g.In addition to the other applicable penalties provided under this section, a person violating this section whose license has been suspended pursuant to section 6 of P.L.1983, c.65 (C.17:29A-35) or the regulations adopted thereunder, shall be fined $3,000. The court shall waive the fine upon proof that the person has paid the total surcharge imposed pursuant to section 6 of P.L.1983, c.65 (C.17:29A-35) or the regulations adopted thereunder. Notwithstanding the provisions of R.S.39:5-41, the fine imposed pursuant to this subsection shall be collected by the Division of Motor Vehicles pursuant to section 6 of P.L.1983, c.65 (C.17:29A-35), and distributed as provided in that section, and the court shall file a copy of the judgment of conviction with the director and with the Clerk of the Superior Court who shall enter the following information upon the record of docketed judgments: the name of the person as judgment debtor; the Division of Motor Vehicles as judgment creditor; the amount of the fine; and the date of the order. These entries shall have the same force and effect as any civil judgment docketed in the Superior Court;
     h.A person who owns or leases a motor vehicle and permits another to operate the motor vehicle commits a violation and is subject to suspension of his license to operate a motor vehicle and to revocation of registration pursuant to sections 2 through 6 of P.L.1995, c.286 (C.39:3-40.1 through C.39:3-40.5) if the person:
     (1)Knows that the operators license to operate a motor vehicle has been suspended for a violation of R.S.39:4-50 or section 2 of P.L.1981, c.512 (C.39:4-50.4a); or
     (2)Knows that the operators license to operate a motor vehicle is suspended and that the operator has been convicted, within the past five years, of operating a vehicle while the persons license was suspended or revoked;
     i.If the violators drivers license to operate a motor vehicle has been suspended pursuant to section 9 of P.L.1985, c.14 (C.39:4-139.10), the violator shall be subject to a maximum fine of $100 upon proof that the violator has satisfied the parking ticket or tickets that were the subject of the Order of Suspension.
     Amended 1941, c.344; 1945, c.222, s.2; 1947, c.25; 1964, c.9; 1968, c.323, s.10; 1981, c.38, s.1; 1982, c.45, s.2; 1983, c.90, s.1; 1986, c.38; 1992, c.203; 1994, c.64, s.2; 1995, c.286, s.1; 1999, c.185, s.3; 1999, c.423, s.3; 2001, c.213, s.1.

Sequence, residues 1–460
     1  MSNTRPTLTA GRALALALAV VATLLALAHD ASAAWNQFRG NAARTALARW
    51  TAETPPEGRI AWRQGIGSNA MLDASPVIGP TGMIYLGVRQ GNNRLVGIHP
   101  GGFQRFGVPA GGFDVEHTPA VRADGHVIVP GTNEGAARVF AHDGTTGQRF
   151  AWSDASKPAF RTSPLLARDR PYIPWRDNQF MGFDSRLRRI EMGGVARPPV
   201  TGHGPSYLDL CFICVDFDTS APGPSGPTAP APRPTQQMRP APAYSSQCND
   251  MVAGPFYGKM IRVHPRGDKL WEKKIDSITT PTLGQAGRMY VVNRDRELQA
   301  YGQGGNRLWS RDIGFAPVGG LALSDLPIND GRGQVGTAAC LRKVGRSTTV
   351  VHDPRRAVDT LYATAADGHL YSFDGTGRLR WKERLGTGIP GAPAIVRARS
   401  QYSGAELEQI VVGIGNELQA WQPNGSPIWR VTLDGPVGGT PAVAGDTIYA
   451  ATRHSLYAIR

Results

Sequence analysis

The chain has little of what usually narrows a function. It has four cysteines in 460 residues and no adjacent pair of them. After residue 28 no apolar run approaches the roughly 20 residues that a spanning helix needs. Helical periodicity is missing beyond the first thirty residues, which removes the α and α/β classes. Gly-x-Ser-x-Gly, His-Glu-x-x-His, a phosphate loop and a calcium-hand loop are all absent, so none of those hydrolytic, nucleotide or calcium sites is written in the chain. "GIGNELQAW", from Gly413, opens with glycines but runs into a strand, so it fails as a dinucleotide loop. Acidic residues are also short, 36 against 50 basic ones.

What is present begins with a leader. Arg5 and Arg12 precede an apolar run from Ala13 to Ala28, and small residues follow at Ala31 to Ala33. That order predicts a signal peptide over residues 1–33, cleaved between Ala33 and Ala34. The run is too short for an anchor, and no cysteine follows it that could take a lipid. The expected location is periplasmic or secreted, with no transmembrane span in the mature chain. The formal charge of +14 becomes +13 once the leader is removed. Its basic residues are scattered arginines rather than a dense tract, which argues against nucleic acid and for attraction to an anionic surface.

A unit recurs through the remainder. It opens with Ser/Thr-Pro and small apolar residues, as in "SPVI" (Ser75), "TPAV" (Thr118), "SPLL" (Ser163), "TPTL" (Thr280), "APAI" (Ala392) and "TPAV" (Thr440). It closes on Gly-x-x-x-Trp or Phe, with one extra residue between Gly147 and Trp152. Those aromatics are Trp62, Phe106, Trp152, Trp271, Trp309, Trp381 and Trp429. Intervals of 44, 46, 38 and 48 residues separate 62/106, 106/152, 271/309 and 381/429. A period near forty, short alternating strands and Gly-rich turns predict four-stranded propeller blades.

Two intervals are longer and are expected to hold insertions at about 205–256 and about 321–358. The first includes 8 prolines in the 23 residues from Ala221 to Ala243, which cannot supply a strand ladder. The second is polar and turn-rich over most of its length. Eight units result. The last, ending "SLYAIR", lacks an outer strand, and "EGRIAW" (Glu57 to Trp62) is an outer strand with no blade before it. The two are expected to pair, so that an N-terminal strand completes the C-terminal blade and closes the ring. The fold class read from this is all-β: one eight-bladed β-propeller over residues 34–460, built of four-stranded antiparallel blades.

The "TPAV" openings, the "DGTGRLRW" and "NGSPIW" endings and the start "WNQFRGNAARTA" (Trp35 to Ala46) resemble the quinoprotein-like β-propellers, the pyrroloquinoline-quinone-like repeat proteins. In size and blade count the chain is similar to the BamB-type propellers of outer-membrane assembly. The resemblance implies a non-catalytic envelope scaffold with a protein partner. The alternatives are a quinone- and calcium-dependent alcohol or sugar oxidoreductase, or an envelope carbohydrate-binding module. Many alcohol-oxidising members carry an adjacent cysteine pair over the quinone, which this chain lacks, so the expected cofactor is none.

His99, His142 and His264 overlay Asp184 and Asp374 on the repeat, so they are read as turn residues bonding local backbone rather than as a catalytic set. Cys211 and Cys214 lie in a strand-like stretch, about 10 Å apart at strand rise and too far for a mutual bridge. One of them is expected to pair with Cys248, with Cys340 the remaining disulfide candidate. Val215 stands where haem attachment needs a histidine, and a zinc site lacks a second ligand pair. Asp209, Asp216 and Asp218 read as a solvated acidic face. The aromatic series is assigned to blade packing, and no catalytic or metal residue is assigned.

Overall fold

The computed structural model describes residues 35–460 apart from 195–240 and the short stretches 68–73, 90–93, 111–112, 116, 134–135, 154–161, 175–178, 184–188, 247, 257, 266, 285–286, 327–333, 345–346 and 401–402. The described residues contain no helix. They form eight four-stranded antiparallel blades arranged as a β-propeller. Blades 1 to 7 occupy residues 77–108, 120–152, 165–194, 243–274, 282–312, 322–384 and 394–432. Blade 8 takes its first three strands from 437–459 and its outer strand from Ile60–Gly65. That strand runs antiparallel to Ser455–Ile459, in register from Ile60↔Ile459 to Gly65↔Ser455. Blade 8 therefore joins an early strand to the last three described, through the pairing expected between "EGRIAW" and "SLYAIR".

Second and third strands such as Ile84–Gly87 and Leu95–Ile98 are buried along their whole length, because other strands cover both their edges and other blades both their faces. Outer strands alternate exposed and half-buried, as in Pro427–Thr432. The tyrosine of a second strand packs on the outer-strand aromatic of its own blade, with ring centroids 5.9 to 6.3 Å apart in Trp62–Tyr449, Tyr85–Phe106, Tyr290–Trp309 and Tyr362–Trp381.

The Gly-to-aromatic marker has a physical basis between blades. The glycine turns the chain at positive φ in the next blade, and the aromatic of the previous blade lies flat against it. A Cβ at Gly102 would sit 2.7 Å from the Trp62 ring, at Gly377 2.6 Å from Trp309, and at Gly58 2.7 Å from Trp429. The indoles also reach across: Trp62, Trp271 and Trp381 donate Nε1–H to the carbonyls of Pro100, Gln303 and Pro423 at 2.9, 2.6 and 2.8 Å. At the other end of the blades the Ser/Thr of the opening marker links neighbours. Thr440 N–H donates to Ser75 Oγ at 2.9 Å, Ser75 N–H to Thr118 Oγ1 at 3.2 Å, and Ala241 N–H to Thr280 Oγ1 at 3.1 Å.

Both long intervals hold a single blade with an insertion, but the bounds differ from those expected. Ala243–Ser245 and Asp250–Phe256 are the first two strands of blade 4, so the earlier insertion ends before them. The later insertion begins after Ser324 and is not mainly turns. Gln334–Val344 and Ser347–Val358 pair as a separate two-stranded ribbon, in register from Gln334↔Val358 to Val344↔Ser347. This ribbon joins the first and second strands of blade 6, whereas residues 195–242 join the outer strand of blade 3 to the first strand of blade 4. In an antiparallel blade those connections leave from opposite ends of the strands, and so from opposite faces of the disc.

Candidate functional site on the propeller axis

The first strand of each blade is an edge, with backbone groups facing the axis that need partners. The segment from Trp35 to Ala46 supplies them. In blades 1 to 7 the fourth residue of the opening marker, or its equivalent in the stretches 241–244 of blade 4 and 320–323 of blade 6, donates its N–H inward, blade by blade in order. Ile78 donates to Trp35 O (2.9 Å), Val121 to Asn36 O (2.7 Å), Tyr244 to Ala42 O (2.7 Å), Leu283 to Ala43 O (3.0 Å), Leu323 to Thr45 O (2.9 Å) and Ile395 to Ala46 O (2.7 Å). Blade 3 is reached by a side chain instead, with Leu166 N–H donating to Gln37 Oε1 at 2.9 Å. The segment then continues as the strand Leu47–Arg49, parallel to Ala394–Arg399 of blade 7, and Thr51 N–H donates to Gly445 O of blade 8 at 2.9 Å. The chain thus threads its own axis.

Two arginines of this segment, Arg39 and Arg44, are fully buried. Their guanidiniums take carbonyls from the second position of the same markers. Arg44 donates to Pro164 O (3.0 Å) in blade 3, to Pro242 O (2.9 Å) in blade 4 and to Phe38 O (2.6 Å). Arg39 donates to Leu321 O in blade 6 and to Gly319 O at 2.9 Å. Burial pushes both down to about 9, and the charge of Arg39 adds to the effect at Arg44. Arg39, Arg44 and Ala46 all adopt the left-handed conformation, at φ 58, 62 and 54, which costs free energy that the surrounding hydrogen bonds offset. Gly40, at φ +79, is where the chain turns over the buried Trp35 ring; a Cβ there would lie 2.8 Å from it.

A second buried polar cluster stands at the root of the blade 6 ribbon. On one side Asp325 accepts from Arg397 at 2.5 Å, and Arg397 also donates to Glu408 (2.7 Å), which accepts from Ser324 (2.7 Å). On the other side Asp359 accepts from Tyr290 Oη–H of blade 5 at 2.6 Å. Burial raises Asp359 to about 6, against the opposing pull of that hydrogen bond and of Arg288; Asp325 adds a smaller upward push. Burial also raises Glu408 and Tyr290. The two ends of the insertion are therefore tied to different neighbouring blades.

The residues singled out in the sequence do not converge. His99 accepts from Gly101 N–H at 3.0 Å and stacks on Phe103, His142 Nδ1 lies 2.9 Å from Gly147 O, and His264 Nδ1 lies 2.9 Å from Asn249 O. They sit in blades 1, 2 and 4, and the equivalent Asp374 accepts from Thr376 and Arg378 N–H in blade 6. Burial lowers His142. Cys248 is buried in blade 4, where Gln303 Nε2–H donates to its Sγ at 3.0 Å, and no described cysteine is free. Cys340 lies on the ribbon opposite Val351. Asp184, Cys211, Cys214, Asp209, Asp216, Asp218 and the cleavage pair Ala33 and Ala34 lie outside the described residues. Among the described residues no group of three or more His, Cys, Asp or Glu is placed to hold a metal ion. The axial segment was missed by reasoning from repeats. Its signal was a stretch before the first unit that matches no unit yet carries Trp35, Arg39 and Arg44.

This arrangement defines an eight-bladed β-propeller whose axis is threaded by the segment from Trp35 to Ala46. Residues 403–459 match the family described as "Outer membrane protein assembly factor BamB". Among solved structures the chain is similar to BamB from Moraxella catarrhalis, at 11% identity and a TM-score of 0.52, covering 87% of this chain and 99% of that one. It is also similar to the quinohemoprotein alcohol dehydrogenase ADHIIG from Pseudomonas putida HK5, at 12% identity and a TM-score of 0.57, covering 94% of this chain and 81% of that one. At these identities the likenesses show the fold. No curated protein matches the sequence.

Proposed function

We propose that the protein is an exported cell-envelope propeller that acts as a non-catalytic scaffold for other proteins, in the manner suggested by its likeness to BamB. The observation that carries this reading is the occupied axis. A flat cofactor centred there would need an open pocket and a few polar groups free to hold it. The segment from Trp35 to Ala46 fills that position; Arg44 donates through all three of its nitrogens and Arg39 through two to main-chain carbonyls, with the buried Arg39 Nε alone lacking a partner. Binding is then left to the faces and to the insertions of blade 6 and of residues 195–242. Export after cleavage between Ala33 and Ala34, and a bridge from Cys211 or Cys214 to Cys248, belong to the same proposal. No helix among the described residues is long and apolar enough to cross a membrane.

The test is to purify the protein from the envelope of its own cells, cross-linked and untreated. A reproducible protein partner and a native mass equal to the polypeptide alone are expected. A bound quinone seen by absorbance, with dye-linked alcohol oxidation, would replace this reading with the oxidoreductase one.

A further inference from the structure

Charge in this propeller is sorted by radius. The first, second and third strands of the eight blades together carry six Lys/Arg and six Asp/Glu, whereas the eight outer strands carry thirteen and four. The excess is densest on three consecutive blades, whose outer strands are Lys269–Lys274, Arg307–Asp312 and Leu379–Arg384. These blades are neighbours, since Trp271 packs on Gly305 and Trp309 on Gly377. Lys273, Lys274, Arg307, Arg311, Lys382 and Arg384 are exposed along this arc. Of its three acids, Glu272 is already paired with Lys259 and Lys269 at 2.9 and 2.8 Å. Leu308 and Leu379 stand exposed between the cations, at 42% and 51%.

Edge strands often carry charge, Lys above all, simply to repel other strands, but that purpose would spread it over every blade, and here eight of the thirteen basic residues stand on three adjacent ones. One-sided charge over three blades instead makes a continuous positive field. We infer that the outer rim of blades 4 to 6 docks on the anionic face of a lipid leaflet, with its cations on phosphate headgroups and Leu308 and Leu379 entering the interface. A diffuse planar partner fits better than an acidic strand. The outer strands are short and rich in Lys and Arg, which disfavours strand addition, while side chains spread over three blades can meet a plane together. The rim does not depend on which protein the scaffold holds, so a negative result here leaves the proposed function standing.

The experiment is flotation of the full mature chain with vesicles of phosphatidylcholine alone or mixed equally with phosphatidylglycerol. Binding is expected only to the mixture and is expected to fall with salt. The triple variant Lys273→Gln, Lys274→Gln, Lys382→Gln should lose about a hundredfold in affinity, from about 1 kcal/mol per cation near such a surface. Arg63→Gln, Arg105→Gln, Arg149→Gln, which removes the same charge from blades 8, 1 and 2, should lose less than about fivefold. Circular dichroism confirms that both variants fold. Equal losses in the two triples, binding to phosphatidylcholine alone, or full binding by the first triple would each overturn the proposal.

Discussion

Sunday, April 24, 2016

ABA Criminal Law Committee Spring Report 2016

ABA Criminal Law Committee Spring Report 2016

ABA SOLO, SMALL FIRM AND GENERAL PRACTICE DIVISION

COUNCIL AGENDA REPORT FORM – SPRING MEETING 2016


Division Name and Number: Division: 3 – Practice Specialty                                                                         

Division Director Name: Christine Albano  calbano@albanolaw.com

Group Name: Litigation Group  

Reporting Board or Committee: ABA Criminal Law Committee Report
Completed By: Kenneth Vercammen Co-Chair, Edison, NJ

1.     What has your committee or board done since its last report (e.g., conference call, meetings, publications, use of discussion lists, planning for CLE programs, publications and articles, collaboration with other committees, boards or sections, etc.)?

-Email to member

-Solosez notices
-Help sales & Publicize ABA “Criminal Law Forms” Book to generate revenue for Solo Division
The ABAS’ CRIMINAL LAW FORMS book
New book from the American Bar Association
Solo & Small Firm Division Author: Kenneth Vercammen
 Use Criminal Law Forms to help represent persons charged with criminal and traffic offenses. Detailed instruction and valuable insight is offered beginning with the initial contact with the client, to walking into the courthouse, and managing the steps that follow. Two hundred and ten modifiable forms help make criminal lawyers more efficient and productive, while also reducing the chance for mistakes. GP SOLO Member Price $129.95 To order contact ABA Customer Care, 1-800-285-2221 321 N. Clark Street, Chicago, IL 60653 or fax to 312-988-6030 (PC: 5150457)   ISBN:   978-1-61438-879-1
http://apps.americanbar.org/abastore/index.cfm?section=main&fm=Product.AddToCart&pid=5150457
  -Also posted some forms and materials from the recent NJ State Bar seminar Handling Drug, DWI and Serious Traffic Cases on the web for use by ABA members

2.     What is the status of your committee or board’s business plan for the year (e.g., participation of committee board members, goals achieved, new goals, etc.)?
Excellent. Ken V will be Spring Key West meeting and available to discuss issues with all GP solo members.

3.     Does your committee or board need any assistance from your Director, Staff, Division Officers, or Council?  If yes, please explain: Help market the Criminal law Forms book which generate revenue for the Division


4.   Report on anything else:  Ken V wishes to be re-appointed for 2016-17
5.    
6.     Are you submitting an action item to be presented to Council?  If so, please describe:  no


Saved at